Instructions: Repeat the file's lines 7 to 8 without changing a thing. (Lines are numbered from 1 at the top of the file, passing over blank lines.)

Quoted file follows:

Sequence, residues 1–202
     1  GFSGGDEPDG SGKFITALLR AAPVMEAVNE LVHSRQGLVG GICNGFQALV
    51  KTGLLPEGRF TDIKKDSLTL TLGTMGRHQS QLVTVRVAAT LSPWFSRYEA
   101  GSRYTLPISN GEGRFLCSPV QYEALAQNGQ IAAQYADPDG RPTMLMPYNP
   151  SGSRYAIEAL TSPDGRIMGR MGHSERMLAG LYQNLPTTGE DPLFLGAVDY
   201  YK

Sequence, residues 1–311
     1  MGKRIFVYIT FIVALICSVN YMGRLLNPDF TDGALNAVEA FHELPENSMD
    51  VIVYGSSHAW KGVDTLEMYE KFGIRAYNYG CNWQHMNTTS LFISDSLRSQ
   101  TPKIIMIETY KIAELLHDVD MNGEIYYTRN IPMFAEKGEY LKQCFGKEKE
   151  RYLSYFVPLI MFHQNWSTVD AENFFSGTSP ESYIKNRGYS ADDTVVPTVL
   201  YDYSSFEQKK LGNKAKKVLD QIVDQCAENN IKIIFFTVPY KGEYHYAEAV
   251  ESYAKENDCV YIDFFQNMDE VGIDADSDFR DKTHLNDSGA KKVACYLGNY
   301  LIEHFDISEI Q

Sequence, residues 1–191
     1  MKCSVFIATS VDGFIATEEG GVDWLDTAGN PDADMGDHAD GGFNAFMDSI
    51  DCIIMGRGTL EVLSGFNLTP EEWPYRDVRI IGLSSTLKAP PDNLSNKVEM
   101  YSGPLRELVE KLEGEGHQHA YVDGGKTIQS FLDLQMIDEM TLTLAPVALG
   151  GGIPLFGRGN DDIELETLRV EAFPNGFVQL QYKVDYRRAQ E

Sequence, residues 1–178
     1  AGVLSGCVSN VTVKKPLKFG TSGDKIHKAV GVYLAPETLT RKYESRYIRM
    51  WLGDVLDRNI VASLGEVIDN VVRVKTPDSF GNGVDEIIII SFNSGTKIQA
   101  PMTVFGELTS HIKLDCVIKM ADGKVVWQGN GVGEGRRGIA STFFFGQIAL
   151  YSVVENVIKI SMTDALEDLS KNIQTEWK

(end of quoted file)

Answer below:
Sequence, residues 1–311
     1  MGKRIFVYIT FIVALICSVN YMGRLLNPDF TDGALNAVEA FHELPENSMD